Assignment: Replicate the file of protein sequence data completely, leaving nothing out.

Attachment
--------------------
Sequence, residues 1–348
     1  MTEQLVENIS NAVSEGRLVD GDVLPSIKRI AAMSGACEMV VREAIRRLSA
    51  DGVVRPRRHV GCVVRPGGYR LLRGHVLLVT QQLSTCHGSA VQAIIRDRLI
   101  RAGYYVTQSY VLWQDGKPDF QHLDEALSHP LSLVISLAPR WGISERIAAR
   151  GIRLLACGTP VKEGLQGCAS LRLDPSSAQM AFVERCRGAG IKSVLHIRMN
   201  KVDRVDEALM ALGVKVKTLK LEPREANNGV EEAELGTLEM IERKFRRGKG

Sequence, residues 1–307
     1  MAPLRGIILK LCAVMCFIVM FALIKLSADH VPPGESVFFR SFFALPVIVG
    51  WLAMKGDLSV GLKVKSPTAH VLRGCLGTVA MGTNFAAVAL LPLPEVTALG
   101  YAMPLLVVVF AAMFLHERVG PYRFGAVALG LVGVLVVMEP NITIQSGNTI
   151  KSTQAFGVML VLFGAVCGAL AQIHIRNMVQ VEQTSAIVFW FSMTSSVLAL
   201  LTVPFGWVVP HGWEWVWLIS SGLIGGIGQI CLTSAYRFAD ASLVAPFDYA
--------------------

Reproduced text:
Sequence, residues 1–348
     1  MTEQLVENIS NAVSEGRLVD GDVLPSIKRI AAMSGACEMV VREAIRRLSA
    51  DGVVRPRRHV GCVVRPGGYR LLRGHVLLVT QQLSTCHGSA VQAIIRDRLI
   101  RAGYYVTQSY VLWQDGKPDF QHLDEALSHP LSLVISLAPR WGISERIAAR
   151  GIRLLACGTP VKEGLQGCAS LRLDPSSAQM AFVERCRGAG IKSVLHIRMN
   201  KVDRVDEALM ALGVKVKTLK LEPREANNGV EEAELGTLEM IERKFRRGKG

Sequence, residues 1–307
     1  MAPLRGIILK LCAVMCFIVM FALIKLSADH VPPGESVFFR SFFALPVIVG
    51  WLAMKGDLSV GLKVKSPTAH VLRGCLGTVA MGTNFAAVAL LPLPEVTALG
   101  YAMPLLVVVF AAMFLHERVG PYRFGAVALG LVGVLVVMEP NITIQSGNTI
   151  KSTQAFGVML VLFGAVCGAL AQIHIRNMVQ VEQTSAIVFW FSMTSSVLAL
   201  LTVPFGWVVP HGWEWVWLIS SGLIGGIGQI CLTSAYRFAD ASLVAPFDYA